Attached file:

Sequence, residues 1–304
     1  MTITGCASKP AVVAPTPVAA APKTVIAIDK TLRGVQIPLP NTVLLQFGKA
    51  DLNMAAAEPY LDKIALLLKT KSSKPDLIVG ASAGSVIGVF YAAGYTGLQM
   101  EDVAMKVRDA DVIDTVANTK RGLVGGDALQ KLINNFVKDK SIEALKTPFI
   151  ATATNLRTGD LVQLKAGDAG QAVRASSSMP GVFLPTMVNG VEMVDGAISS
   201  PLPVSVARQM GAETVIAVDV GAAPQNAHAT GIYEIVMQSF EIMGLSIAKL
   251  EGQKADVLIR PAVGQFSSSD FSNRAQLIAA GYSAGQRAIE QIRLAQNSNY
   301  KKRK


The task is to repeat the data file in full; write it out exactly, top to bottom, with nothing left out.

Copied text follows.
Sequence, residues 1–304
     1  MTITGCASKP AVVAPTPVAA APKTVIAIDK TLRGVQIPLP NTVLLQFGKA
    51  DLNMAAAEPY LDKIALLLKT KSSKPDLIVG ASAGSVIGVF YAAGYTGLQM
   101  EDVAMKVRDA DVIDTVANTK RGLVGGDALQ KLINNFVKDK SIEALKTPFI
   151  ATATNLRTGD LVQLKAGDAG QAVRASSSMP GVFLPTMVNG VEMVDGAISS
   201  PLPVSVARQM GAETVIAVDV GAAPQNAHAT GIYEIVMQSF EIMGLSIAKL
   251  EGQKADVLIR PAVGQFSSSD FSNRAQLIAA GYSAGQRAIE QIRLAQNSNY
   301  KKRK